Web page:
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Association between concurrent use of prescription opioids and benzodiazepines and overdose: retrospective analysis

BMJ 2017; 356 doi: https://doi.org/10.1136/bmj.j760 (Published 14 March 2017) Cite this as: BMJ 2017;356:j760

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Drugs Pharmacodynamics’ make predictable the dangerous association of benzodiazepines with opioids. Re: Association between concurrent use of prescription opioids and benzodiazepines and overdose: retrospective analysis

This very interesting paper is the epidemiological evidence of the respiratory depressant effect of opioids potentiated by associated benzodiazepines. But, it may be useful to look also for the pharmacodynamics of the drugs associated, to understand the rational (or its absence) of this drug association to treat pain, and also to understand the synergic mechanisms that lead to the respiratory depression, in order to avoid future predictable toxic associations.
Opioids are strong analgesics with the great risk of respiratory depression.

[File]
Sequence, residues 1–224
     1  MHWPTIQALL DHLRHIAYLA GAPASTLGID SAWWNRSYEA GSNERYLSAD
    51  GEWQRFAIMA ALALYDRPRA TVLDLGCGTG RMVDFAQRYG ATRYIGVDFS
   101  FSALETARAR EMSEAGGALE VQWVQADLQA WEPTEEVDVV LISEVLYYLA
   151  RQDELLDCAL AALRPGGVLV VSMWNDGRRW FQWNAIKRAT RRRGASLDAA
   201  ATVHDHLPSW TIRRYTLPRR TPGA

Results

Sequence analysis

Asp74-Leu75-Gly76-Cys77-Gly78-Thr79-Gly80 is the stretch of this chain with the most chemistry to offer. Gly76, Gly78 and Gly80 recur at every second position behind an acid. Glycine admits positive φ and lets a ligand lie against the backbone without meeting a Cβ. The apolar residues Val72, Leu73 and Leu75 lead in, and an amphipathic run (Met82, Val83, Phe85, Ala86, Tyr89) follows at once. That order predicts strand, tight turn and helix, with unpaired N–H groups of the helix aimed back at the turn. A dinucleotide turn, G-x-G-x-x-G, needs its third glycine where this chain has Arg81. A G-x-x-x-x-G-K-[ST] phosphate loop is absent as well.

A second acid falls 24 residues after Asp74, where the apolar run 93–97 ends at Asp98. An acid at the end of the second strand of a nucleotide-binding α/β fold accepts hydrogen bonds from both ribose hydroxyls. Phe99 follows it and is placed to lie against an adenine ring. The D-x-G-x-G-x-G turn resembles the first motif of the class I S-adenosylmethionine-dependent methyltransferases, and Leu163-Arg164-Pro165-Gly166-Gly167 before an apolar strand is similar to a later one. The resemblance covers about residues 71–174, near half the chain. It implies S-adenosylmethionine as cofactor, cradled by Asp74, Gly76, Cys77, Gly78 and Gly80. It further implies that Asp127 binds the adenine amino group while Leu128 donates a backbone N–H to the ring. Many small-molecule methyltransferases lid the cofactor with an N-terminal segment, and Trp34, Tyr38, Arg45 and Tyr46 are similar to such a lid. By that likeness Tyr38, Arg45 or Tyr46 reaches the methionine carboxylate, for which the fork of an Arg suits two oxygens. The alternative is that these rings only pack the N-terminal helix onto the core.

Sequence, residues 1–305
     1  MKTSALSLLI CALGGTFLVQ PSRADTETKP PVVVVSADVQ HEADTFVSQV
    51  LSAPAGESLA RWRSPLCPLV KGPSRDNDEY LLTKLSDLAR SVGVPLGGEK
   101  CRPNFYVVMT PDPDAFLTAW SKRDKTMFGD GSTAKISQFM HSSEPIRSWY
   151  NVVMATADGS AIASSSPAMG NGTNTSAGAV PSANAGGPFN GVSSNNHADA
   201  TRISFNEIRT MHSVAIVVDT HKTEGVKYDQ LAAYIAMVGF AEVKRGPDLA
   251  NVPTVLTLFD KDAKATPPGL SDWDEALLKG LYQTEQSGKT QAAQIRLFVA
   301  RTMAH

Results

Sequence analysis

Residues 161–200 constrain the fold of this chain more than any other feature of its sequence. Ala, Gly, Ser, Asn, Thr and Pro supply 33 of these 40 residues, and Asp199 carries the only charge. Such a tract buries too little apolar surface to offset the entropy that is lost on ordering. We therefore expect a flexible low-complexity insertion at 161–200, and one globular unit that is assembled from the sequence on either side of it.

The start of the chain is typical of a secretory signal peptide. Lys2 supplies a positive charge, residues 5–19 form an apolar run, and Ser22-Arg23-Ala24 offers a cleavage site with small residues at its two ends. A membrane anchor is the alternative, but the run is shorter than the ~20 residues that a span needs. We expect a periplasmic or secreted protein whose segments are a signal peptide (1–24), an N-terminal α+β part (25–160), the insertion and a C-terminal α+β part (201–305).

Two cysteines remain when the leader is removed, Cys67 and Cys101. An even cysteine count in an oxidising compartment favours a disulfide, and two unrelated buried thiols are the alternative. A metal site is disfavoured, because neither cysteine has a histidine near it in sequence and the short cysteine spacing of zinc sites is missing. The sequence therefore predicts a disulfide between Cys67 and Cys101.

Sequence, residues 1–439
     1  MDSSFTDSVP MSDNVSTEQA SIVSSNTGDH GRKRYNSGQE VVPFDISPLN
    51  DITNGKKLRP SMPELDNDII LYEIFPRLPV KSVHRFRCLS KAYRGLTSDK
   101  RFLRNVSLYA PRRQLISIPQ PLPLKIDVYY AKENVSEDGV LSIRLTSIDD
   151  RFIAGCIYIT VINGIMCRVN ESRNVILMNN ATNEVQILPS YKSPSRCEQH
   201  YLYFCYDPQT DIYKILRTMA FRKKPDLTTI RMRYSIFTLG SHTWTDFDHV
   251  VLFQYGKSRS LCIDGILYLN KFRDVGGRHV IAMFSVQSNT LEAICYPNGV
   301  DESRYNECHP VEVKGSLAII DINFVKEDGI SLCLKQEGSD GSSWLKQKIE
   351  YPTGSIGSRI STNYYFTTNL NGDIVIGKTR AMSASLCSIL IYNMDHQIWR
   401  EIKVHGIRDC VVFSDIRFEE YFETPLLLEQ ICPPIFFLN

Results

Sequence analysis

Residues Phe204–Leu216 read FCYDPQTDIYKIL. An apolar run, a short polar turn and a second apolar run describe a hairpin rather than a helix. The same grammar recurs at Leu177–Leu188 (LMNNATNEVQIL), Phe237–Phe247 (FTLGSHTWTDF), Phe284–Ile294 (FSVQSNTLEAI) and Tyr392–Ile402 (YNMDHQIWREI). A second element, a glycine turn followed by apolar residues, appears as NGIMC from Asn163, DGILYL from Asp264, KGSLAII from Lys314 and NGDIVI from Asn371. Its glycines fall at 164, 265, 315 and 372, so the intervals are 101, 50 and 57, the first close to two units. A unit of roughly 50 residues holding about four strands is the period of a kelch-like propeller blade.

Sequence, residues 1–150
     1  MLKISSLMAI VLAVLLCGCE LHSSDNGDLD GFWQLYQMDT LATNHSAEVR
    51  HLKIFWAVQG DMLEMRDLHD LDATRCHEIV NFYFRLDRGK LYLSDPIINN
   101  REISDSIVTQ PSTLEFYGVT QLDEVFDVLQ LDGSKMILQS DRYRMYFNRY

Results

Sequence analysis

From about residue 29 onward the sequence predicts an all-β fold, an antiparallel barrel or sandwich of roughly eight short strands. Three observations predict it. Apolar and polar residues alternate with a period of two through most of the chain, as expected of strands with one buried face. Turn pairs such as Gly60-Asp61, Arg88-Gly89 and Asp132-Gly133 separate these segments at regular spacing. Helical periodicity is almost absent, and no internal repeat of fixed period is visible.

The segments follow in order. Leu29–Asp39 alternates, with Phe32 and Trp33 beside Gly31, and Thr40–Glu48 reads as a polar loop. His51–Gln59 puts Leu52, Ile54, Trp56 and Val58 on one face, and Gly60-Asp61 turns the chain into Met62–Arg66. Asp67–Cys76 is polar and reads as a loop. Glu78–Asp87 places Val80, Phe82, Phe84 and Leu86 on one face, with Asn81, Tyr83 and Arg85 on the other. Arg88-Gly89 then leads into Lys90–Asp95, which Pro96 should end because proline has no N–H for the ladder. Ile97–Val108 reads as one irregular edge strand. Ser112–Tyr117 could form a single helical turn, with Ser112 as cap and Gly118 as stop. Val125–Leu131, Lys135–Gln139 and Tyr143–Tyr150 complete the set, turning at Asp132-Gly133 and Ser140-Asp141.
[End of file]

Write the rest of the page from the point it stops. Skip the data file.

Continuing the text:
Benzodiazepines are GABAergic drugs that don’t have any analgesic activity, excluding the case of some muscular spasm (by its muscle relaxant activity), or the case of clonazepan on the trigeminal neuropathic pain. So it seems that there is no rational to justify the association of benzodiazepine with analgesics like opioids.
On the other side, this association increases the risk of respiratory depression of opioids, since benzodiazepines are also central nervous system depressors, and although their depressive effect is lower than that of barbiturates, they are may even depress the activity of the respiratory center when in overdose, and surely they potentiate the effect of other depressant agents such as opioids. Furthermore, by their relaxant effect on muscle tone may be dangerous on patients with obstructive sleep apnea.
All these reasons make very dangerous the association of these 2 kind of drugs, as it is emphasized by the recent guidelines (JAMA. 2016;315(15):1624-1645. doi:10.1001/jama.2016.1464 ).

Competing interests: No competing interests

23 March 2017
Fernando Martins do Vale
Prof. Pharmacology and Clinical Pharmacologist
Instituto de Farmacologia/Neurociências, Centro Bioética, IMM of Faculdade de Medicina da Universidade de Lisboa
Faculdade de Medicina da Universidade de Lisboa. 1649-028 Lisboa, Portugal